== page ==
That afternoon, I received word that Erika and Jons would be arriving by tandem bicycle that evening! I was so excited. I had hoped like crazy that they would be able to stop by on their tour, but with the nature of their adventure, I understood if they weren’t going to be able to make it. They arrived armed with some beer and stories, and we had a good catch up before going to sleep.

The next morning, it was time to do a little sightseeing. Thankfully Nick had the weekend off, so the timing couldn’t have worked out anymore perfect! We decided to head to base to pick up some Margarita supplies for the evening, and to show them around.

Disaster struck.

To get on an overseas military base, passports must be shown at the local visitor’s office. The German military police member took Erika and Jons’ passports and said very dryly the following dialogue:

German: “You arrived een Europe on zis [date], yes?”
E & J: Nods
German: “Vell now, that is oh-vehr nyn-teeee dayz ago, yes?”
E & J: I guess so?
German: “Vell, zis means you are now illegal, yes?”
Me: “No, they went to the UK for a month”
German: “So, zat is still part of zee European Union. It counts az part of zee nyn-teeee dayz”
E & J, N & E: Sweating
German: “You must go to zee local Rathaus und zee if there iz anyzing they can do, but you may not enter zis military base, ok?”
E & J, N& E: Run to car

Here’s something light hearted and related, and worth the 18 seconds:

IMG_1838I knew something wasn’t right with his argument. We set off to the mall in Neunkirchen as Erika wanted a dirndl (a German maid costume) for Oktoberfest, and while everyone was biting fingers, I researched the issue on my painfully slow 3G connection. Meanwhile, poor Erika and Jons were trying to figure out if they had to do some extreme country hopping to avoid any major penalties!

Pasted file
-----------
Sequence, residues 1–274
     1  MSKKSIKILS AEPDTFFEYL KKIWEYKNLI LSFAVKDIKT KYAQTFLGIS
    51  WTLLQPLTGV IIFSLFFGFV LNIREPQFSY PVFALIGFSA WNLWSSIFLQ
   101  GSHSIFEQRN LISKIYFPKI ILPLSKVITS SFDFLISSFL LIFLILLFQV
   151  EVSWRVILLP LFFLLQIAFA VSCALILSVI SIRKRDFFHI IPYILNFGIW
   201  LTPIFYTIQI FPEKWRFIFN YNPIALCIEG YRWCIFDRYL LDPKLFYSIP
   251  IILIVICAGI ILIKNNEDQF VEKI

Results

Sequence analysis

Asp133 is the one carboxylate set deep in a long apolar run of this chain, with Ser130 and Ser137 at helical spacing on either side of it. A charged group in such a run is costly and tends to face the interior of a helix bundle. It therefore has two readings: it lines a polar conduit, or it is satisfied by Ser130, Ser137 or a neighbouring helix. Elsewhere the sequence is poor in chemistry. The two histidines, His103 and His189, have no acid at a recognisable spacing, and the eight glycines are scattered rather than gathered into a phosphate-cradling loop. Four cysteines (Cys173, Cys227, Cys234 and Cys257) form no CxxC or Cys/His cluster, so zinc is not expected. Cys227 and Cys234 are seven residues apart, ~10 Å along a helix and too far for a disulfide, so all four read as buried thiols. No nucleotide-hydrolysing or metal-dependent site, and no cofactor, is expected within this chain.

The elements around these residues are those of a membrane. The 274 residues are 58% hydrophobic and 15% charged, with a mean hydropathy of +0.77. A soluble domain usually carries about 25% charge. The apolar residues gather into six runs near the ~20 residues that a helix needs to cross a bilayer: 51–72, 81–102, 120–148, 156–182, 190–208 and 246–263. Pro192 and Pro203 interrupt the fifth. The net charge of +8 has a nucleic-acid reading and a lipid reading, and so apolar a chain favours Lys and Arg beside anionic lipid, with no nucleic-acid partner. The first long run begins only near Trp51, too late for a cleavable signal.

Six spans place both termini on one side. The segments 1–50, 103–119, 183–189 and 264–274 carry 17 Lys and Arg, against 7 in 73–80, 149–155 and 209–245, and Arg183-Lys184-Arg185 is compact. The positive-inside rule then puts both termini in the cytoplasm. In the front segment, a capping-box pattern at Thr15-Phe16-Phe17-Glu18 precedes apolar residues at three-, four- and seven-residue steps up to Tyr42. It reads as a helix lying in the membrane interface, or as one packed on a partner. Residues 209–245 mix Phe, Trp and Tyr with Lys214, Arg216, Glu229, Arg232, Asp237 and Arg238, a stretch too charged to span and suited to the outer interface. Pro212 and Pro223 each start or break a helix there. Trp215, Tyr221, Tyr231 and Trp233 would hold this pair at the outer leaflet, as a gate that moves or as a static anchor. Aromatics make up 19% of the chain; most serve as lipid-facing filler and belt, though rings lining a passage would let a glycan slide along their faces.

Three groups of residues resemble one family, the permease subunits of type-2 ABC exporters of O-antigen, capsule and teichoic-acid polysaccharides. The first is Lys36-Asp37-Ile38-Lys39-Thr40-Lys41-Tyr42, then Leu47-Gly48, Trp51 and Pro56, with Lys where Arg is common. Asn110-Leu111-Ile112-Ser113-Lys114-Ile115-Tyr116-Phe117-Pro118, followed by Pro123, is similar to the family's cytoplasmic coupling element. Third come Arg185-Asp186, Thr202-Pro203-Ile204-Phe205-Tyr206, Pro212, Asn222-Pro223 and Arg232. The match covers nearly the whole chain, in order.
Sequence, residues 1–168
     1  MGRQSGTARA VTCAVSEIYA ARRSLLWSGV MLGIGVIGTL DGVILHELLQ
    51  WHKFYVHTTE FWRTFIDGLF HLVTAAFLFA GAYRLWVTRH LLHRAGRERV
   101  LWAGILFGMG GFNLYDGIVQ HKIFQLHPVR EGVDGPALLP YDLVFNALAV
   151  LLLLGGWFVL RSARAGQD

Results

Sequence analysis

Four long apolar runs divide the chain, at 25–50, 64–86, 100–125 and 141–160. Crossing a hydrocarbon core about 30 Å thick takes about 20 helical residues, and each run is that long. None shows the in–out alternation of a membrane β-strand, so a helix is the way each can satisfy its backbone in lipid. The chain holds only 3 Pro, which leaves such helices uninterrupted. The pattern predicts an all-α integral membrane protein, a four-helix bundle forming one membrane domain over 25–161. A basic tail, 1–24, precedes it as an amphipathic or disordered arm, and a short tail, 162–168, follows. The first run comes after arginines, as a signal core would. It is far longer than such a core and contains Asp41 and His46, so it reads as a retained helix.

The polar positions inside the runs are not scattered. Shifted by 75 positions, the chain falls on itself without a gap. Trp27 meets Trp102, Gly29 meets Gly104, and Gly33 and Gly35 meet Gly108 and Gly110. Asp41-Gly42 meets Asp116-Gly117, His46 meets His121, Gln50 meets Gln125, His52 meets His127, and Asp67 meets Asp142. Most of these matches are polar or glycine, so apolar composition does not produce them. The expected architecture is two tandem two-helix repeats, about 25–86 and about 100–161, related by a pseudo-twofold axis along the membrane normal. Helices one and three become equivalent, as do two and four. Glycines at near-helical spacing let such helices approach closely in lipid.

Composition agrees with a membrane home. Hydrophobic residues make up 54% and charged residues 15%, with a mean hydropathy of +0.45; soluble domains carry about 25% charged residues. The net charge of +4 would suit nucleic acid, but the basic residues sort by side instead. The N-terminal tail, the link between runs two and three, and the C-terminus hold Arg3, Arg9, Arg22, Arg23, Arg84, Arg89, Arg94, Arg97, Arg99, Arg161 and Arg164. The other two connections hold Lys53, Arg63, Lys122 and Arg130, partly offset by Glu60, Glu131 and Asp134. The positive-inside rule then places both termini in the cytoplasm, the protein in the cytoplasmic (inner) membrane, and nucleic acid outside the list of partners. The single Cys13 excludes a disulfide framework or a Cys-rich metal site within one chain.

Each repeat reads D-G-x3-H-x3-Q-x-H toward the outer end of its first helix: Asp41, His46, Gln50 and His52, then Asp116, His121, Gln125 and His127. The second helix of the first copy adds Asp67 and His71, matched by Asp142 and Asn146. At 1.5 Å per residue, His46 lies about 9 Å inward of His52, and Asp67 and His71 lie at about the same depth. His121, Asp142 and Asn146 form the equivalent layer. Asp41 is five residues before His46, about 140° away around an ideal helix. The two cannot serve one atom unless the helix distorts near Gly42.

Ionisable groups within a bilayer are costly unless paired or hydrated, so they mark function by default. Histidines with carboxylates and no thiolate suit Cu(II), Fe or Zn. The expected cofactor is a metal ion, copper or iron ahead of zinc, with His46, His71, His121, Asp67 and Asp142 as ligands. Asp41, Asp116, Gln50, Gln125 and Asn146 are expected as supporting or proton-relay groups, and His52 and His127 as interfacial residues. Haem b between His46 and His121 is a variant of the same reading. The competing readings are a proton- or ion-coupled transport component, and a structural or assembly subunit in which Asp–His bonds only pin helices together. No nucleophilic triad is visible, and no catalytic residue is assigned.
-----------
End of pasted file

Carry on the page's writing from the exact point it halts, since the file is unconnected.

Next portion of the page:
Turns out, my argument was correct, I just didn’t have the information to back it up at the time. The UK is part of the European Union, but the German military policeman failed to be educated in the fact that the UK is not part of the Schengen agreement. The Schengen agreement allows citizens of certain countries to travel freely around Europe for a total of 90 days. As the UK is not part of that agreement (you have to pass through passport control when you enter the UK, unlike all the other countries we have been to,) the time spent in the UK was not part of the 90 days. He should have realised that when seeing their second entry stamp.